The Monsoons

This evening the clouds hovered darkly over the city.  Thunder rumbled as lightning flickered, most often lighting the whole sky.  A wind swept by, then came the staccato beating of rain.

I love the monsoons, cooling the earth and allowing weeds to be pulled easily.

The weather has been pleasant, only in the 90’s, with a lot of cloud cover and occasional storms.    But I have memories from 40 years ago when the monsoons brought daily storms, always at 5 pm, so that commuters would be struck in washes flowing over roads.  (At that time I lived at River and Swan; Swan had no bridge, and dipped down into the Rillito River.  When the river flowed I had to go way out of my way to get home.)   The Tucson roads were sloped so that the water flowed down the middle – no storm drains.  In intersections the road-streams would crash into each other dramatically.  And, of course, electricity and phone lines would often be knocked out by the lightening or winds.   (Although a week ago, July 19, the storm knocked out power to 15,000 residents overnight.)

Wildlife Update

Earlier the coyotes screamed and howled, but I have not seen one near my yard.  I did read about a coyote – The Daily Coyote by Shreve Stockton, the true account by the writer in Wyoming who adopted an infant coyote and raised it.   (http://www.dailycoyote.net/?page_id=282)  Enjoyable.

This morning my cat stalked the cottontail eating my rain lily leaves, just for practice I guess, ‘cause what would she do with a rabbit her size?  (She did catch a mouse last night and ate it on the deck, leaving the head and tail for me in a pool of dried blood.)

Yesterday when I returned from the library a deer stared at me from behind a neighbor’s yard.  After pulling into the garage, I ran in for my camera, but the deer had moved to the brush, and I had a hard time scrambling through the desert in my sandals.

No bobcats, but the herd of javelinas ambled by the fence in single file, not stopping for a mesquite seed snack.  (My largest mesquite tree has dropped thousands of delicious pods for them.  Maybe they munch at night when it is cooler.)   I only saw one baby, however.  Did I just miss the other or did a predator manage to snatch it from its mother?

Torpor

Torpor – a state of motor and mental inactivity.

I returned to Tucson two weeks ago from my excursions into Cold Country tired.  I could handle the extensive walking, but painting above my head the last three days was a new exercise.  The other aspect was multiple new experience in a week (Botanical Garden, Anthropology Museum, Aquarium), to a brain conditioned to only one a week, overloading the circuits.  Hence torpor.

What struck me the most when I returned was the silence of my abode.  My son lives in the heart of Vancouver with its ambient noise, and my daughter‘s house backs onto a major road in the Phoenix area, so the quiet here seemed lonely.  Until I was awakened the next morning by trucks dropping loads of rocks onto the edge of the eroding golf course at 6:30 am, and a helicopter, blades whapping loudly, flying over, searching for a criminal on the loose?  Ok, I’ll take the stillness, punctuated by birdsong or the battering rain.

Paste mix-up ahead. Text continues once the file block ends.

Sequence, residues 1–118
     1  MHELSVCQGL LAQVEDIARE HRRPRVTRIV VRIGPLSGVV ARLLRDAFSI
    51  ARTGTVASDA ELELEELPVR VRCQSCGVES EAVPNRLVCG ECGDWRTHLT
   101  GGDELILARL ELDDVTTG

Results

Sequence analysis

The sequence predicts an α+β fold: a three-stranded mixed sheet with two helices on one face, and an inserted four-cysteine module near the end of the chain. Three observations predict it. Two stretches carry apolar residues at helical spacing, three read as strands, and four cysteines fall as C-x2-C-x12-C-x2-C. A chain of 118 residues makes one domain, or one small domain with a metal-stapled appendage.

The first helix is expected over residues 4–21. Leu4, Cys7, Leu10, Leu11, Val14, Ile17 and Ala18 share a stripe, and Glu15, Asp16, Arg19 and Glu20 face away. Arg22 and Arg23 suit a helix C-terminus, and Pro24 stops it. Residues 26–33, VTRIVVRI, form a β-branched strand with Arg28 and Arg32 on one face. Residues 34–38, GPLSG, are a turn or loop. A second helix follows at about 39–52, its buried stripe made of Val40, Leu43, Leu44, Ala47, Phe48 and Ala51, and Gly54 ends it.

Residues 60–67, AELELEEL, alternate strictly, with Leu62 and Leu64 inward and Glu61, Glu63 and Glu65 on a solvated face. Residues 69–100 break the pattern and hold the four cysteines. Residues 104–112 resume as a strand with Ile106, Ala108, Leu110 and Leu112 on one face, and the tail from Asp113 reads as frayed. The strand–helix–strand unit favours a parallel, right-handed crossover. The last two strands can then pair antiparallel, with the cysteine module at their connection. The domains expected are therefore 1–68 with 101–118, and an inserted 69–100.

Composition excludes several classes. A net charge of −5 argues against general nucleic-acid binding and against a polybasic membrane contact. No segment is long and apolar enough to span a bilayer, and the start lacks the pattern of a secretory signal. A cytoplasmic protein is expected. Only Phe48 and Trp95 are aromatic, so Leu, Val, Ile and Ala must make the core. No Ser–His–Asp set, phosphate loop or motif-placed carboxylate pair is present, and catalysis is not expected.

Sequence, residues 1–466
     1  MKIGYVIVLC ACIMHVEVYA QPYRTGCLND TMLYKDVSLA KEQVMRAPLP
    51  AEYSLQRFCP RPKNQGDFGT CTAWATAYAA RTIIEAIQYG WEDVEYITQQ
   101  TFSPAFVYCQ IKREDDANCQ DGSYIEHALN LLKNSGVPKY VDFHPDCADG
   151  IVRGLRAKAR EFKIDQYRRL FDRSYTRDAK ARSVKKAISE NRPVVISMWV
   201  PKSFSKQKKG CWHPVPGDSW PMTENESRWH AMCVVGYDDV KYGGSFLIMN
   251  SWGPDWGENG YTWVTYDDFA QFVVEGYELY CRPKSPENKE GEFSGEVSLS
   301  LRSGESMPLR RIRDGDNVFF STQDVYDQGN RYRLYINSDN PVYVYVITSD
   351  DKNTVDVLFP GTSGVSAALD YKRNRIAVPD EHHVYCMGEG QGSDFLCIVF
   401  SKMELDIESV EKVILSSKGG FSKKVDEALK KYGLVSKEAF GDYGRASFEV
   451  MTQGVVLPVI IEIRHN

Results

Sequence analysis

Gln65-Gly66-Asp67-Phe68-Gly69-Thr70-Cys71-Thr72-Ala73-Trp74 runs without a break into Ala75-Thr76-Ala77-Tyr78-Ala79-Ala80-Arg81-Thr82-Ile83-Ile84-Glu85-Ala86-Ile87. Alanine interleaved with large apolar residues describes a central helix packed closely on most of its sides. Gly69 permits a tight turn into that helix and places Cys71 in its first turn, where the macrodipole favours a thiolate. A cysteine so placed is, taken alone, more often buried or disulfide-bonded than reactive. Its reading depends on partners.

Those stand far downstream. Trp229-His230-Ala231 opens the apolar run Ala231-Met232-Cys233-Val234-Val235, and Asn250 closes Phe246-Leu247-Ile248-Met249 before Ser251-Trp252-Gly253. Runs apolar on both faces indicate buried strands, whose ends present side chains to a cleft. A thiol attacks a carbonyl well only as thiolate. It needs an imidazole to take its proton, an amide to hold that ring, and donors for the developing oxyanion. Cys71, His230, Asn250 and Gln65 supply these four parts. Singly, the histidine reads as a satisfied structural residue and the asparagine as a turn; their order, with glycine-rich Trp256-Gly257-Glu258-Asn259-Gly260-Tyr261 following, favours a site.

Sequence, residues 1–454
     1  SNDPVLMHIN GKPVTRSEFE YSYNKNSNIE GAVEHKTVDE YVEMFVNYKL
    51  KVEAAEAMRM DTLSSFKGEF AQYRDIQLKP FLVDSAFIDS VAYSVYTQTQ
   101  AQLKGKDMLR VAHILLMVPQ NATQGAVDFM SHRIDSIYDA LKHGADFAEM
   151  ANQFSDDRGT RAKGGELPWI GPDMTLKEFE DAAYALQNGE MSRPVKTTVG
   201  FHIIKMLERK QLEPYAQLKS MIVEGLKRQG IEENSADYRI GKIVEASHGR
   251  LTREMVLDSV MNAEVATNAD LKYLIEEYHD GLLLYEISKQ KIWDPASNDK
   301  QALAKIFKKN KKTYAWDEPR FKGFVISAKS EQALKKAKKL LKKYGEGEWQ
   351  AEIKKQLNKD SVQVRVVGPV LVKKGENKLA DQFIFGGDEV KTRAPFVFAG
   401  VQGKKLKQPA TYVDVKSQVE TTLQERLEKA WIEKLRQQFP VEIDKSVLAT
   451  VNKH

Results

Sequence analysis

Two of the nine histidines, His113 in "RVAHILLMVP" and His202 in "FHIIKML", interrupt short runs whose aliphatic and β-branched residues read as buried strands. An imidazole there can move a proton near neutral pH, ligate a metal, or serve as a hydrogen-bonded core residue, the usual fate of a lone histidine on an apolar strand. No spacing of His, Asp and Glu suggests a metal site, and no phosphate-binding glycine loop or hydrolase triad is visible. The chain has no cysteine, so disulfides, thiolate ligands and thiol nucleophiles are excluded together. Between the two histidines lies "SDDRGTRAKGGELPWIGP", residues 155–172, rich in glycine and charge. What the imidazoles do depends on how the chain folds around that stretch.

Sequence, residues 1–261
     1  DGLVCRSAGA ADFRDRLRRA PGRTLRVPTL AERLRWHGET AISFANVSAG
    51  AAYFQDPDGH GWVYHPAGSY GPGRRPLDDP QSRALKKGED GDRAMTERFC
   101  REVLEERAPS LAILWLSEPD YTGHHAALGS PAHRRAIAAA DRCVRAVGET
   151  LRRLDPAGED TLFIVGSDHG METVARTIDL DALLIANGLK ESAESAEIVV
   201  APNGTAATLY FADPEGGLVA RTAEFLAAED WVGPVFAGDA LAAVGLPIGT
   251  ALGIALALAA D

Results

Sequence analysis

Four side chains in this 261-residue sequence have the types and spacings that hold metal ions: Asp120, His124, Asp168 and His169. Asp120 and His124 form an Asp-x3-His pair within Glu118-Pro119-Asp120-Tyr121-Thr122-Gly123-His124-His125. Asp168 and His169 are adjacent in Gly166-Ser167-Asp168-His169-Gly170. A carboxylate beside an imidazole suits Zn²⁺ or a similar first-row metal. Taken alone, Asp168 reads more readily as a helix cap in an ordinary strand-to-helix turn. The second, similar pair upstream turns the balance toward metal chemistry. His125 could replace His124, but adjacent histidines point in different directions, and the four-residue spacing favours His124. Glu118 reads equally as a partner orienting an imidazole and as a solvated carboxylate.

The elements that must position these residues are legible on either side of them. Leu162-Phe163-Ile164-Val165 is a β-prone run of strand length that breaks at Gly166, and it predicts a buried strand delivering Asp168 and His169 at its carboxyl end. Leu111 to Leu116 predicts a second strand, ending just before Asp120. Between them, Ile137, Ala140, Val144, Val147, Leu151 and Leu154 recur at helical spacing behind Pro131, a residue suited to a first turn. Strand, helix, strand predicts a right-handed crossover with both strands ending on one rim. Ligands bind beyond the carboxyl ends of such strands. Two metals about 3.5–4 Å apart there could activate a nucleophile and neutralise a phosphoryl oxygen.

Keeping the Grandkids Busy

A week later the grandkids, full of energy and craving those new daily experiences.  We visited the Museum of Miniatures (http://www.theminitimemachine.org/) but my 4 ½-year-old granddaughter had not the patience to study the ornate dollhouses or rooms full of miniature towns decked out for Christmas or Halloween.  (However, my 1 ½-year-old grandson didn’t want to leave the cowboy animals on motorcycles circling around and around and around.)

“We” also turned my compost pile.  (Brianna does love to find worms) and after playing in my outdoor spa, we emptied it (which hadn’t been done in maybe a year; even with a cover, it collects minute debris), and sponged it down (which the kids enjoyed, wet and cool in the heat) before refilling it. 

Oh – and the marshmallows.  We made some from scratch, but when I had converted from metric to Imperial measure, then cut the recipe in half, I neglected to cut the gelatin amount in half.  The white balls turned out rather like kneaded erasers, although, of course, the kids loved them.  Anything for sugar.

So I am tired again, after only a few garden projects last week, replacing bad drip lines and the resulting dead plants.

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3 Responses to “The Monsoons”

  1. LYN KAGEY Says:

    You will have to send me the recipe for marshmallows – in American measure, please!

  2. Lynn Shore Says:

    Making Mashmallows from scratch-my daughter in law would like that recipe. Again in American measures!

    • notesfromthewest Says:

      I hope these work out better than mine!

      Marshmallows
      1/2 oz. (two 1/4 oz pkgs) unflavored gelatin
      just over 1 C. of sugar
      just under 1 C. of water
      1 t. vanilla

      Soften the gelatin w/ 1/4 cup of hot water in a double boiler.
      In a small saucepan combine the rest of the water and all of the sugar. Place over med high heat until the mixture reaches 240 F. (Use a candy thermometer.)
      Once the mixture reaches this temp, remove from heat, pour the sugar mixture into the gelatin mixture, and using an electric mixer, beat on high speed for 10 min. (Don’t use a glass bowl!)
      Add vanilla and beat for one more min.
      Pour the mixture into greased molds (I used mini muffin molds) and leave for at least 6 hours to set. Enjoy.

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